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ON DVD

This just in: Kerry still trailing Bush

The satiric 'Daily Show' bets it's not too late for repackaged coverage of 'Indecision 2004.'

June 28, 2005|Elaine Dutka | Times Staff Writer

Nearly eight months after the fact might seem a little late to come out with a DVD collection on the 2004 presidential election, but leave it to Comedy Central and the producers of Jon Stewart's satiric late-night show to defy conventional wisdom.

"The Daily Show With Jon Stewart: Indecision 2004" makes its long-awaited home video debut today. The three-disc set is the first from the Emmy Award-winning faux news program that, with Rolling Stone and Newsweek cover stories and a bestselling book, triggered a media blitzkrieg last year.

Set against a backdrop of schmaltzy New Age music, Stewart introduces the material. Hailing the DVD as a "bold new format ... developed a mere half-decade ago," he spins the timing positively with tongue planted characteristically in cheek.

"We, at 'The Daily Show,' believe we're leading the DVD revolution -- though you might say that 'Punky Brewster' beat us to the punch with that DVD collection," he said, referring to the fluffy 1980s sitcom about an abandoned girl and her dog. "But did she chart the ups and downs of the 2004 campaign? She might have -- I stopped watching after Disc 4."

Fan demand was evident from the outset, Comedy Central executives said, through e-mails, DVD websites and on the road where "Daily Show" staffers were promoting "America (The Book): A Citizen's Guide to Democracy Inaction." The challenge was finding a format that, given that it's yesterday's news, wouldn't seem too tired.

The 2004 presidential election was the show's signature moment, everyone agreed, with a host of opportunities to mine. The show won a George Foster Peabody Award for "satire that deflates pomposity on an equal opportunity basis" and was voted "best news and information program" by the Television Critics Assn. All the more impressive in light of its 1.4 million viewership, paltry compared to the major networks.

"The election gave us a structure, an arc -- a beginning, middle and end around which to build a DVD," said "Daily Show" executive producer Ben Karlin. "The material, it's true, comes across incredibly dated. We're just hoping that our comedy transcends that

Stewart signed off on all the elements. But because this was mainly an "archival mission," Karlin said, he didn't have to be as hands-on. Over a seven-month period, the project emerged, overseen by in-house producer Ari Fishman. The "exquisitely packaged heirloom collection," as the box describes it, contains eight shows from the Republican and Democratic national conventions (each of which has its own disc). Also included is a program on the Florida presidential debate ("The Squabble at Coral Gables"), a prime-time special ("Election Night 2004: Prelude to a Recount"), and satirical biopics of President George W. Bush ("Words Speak Louder Than Actions") and his opponent ("John Kerry: He's Not George Bush").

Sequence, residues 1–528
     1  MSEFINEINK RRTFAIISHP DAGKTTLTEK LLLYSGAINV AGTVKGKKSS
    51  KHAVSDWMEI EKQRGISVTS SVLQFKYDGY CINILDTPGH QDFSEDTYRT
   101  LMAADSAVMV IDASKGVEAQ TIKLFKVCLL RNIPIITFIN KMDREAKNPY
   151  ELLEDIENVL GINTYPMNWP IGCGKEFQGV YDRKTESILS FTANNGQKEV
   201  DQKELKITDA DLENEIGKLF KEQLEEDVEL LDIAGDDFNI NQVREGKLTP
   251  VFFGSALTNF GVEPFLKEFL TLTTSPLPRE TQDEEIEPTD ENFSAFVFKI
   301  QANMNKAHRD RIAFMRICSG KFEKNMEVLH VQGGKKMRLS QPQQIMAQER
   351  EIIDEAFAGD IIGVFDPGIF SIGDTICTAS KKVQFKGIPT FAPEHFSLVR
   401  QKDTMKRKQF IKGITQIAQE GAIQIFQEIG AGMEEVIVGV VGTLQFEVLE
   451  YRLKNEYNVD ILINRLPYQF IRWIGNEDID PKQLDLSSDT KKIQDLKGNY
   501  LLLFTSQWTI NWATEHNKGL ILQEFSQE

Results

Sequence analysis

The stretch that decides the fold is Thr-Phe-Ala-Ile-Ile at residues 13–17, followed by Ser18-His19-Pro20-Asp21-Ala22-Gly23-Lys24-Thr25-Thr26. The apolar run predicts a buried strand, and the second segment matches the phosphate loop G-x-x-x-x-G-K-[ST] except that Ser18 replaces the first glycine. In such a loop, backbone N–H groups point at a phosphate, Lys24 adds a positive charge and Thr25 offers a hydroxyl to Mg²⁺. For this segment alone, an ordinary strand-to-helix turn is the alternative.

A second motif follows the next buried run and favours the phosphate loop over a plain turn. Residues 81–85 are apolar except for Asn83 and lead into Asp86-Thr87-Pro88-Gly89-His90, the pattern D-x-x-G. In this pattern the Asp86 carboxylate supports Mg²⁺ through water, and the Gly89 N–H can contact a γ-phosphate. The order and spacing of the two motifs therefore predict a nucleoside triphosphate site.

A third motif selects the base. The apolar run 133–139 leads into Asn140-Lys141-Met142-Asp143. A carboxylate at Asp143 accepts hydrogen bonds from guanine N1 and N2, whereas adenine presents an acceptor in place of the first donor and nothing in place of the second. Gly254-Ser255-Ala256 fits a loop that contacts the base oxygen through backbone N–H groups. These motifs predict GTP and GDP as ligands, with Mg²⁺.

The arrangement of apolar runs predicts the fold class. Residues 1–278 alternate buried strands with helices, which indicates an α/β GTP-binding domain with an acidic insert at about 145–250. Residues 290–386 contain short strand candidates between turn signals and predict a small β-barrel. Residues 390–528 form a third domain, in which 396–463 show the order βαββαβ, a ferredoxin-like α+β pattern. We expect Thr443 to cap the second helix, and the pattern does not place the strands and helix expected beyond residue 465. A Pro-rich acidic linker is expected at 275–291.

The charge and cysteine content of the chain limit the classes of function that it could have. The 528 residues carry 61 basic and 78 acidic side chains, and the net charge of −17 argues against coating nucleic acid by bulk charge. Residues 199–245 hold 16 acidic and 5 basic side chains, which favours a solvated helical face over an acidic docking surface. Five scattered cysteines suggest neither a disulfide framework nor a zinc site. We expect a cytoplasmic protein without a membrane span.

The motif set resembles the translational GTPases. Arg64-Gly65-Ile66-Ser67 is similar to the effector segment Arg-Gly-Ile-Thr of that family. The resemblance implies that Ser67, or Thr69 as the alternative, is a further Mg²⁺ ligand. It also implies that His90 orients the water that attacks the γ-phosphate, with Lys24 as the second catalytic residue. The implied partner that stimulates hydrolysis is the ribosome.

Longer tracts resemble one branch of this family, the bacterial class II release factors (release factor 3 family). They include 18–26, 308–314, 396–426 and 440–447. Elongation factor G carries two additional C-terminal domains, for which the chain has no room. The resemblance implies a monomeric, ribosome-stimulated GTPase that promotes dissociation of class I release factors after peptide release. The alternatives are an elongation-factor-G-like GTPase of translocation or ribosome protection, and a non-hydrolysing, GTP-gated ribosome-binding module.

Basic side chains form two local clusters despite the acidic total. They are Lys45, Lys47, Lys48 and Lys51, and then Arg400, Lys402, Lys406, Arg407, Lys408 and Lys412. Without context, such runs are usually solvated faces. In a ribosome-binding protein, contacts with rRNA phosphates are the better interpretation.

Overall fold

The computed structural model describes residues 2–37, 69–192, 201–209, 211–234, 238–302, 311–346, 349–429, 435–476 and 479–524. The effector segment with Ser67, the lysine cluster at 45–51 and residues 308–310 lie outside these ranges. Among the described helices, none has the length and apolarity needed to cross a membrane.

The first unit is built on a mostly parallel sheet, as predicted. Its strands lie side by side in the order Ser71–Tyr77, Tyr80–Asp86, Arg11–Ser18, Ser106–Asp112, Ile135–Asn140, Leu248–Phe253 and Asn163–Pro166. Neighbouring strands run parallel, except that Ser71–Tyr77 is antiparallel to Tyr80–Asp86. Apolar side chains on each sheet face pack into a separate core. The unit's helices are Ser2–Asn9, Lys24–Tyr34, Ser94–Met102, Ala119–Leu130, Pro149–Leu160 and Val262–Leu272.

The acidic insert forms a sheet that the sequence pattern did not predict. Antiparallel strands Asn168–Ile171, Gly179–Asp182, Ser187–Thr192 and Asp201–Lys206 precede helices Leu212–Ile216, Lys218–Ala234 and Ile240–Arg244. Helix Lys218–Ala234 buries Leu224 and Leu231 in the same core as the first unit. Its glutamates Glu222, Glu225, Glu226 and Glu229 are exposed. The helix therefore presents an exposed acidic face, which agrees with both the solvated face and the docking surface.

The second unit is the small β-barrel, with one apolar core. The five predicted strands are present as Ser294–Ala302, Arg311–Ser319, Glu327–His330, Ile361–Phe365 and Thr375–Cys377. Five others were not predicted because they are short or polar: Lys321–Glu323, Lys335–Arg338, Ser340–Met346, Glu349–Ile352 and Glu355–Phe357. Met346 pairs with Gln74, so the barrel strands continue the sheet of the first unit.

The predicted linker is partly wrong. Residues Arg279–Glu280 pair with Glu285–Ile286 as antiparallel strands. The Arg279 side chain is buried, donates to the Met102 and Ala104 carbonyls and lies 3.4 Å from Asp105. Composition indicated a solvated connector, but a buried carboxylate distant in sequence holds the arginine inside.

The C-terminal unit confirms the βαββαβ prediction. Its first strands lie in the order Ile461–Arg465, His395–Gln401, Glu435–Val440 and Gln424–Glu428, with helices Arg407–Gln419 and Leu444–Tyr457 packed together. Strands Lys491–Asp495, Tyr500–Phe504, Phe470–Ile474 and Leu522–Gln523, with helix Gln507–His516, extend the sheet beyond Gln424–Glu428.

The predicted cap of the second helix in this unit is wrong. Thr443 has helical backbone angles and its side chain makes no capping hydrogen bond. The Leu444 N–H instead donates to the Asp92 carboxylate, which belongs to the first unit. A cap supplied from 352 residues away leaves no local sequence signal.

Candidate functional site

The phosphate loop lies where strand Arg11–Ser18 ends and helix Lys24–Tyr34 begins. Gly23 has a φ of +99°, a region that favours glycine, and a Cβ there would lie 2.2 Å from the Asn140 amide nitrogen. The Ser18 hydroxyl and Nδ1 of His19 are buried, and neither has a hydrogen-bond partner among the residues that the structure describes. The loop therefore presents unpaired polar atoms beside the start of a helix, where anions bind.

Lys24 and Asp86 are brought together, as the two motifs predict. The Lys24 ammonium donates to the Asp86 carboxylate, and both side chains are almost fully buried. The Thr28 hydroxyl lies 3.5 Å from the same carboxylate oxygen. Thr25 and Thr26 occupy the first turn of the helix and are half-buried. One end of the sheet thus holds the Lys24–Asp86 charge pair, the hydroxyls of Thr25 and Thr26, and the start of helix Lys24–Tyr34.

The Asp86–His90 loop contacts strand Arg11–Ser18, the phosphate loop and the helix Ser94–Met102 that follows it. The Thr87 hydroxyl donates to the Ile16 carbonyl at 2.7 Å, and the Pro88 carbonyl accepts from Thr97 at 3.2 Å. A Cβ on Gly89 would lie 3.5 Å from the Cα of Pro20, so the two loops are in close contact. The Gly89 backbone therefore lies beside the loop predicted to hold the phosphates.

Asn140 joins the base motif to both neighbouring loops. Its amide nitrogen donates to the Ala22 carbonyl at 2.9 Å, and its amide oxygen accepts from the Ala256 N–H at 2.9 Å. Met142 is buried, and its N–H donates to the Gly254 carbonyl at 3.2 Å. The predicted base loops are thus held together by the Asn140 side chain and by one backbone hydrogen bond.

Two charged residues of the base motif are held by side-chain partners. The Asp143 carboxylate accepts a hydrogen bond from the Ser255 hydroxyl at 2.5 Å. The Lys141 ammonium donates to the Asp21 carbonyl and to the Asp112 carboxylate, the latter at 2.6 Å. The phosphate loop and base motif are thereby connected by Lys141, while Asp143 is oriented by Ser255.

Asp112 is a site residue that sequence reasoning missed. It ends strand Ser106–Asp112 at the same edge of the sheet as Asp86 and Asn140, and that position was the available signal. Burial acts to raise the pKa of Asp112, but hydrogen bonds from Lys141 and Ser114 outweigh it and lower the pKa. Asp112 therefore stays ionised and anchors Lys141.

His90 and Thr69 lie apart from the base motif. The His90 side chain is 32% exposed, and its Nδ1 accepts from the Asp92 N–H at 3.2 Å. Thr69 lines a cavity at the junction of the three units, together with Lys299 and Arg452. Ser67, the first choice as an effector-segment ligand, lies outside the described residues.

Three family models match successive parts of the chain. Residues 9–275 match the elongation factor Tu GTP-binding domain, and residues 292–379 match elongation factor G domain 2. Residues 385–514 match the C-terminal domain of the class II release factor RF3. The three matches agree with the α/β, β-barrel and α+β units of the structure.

The third disc is devoted to bonus material such as a parody of last year's Swift Boat Veterans for Truth ads disputing Kerry's Vietnam War record. Titled "Skiff Boat Oarsman for Veracity," it contends that George Washington never crossed the Delaware. ("George Washington slept here," correspondent Samantha Bee's Revolutionary War trollop intones with a sly smile.) In a segment called "Sticker Shock," Bob Wiltfong interviews a man who filed suit because an "I voted today" badge left a circle on his fake suede jacket. Correspondent Stephen Colbert asks the tough questions sidestepped by the mainstream media: "In urban lingo, are you running to stick it to The Man?" he asks presidential hopeful the Rev. Al Sharpton -- one of a series of celebrity guests that also includes former Democratic vice presidential candidate John Edwards and Sen. John McCain (R-Ariz.).

The footage can be viewed in full-screen or letterbox versions. (For the latter, "please tape cardboard to the top and bottom of your TV screen," viewers are advised.) "At Comedy Central, we like to poke fun at sacred cows," said Steve Raizes, director, Comedy Central Home Entertainment. "Just as 'The Daily Show' mocks nightly news, we wanted to mock the DVD format -- menus, packaging, commentaries. It was a new area in which the writers and correspondents could play."

New features include Colbert's "Requiem for a Show That Was Daily," a behind-the-scenes tour of his "old" stomping grounds; non sequitur audio commentary in which correspondents lapse into silly chatter having nothing to do with what's on-screen; and their rendition of "The Star Spangled Banner," which they used to perform for the studio audience before a "big" show got underway. Deleted scenes are not part of the package, the creators explain, because -- other than the occasional bleeped word -- the material goes out as is.

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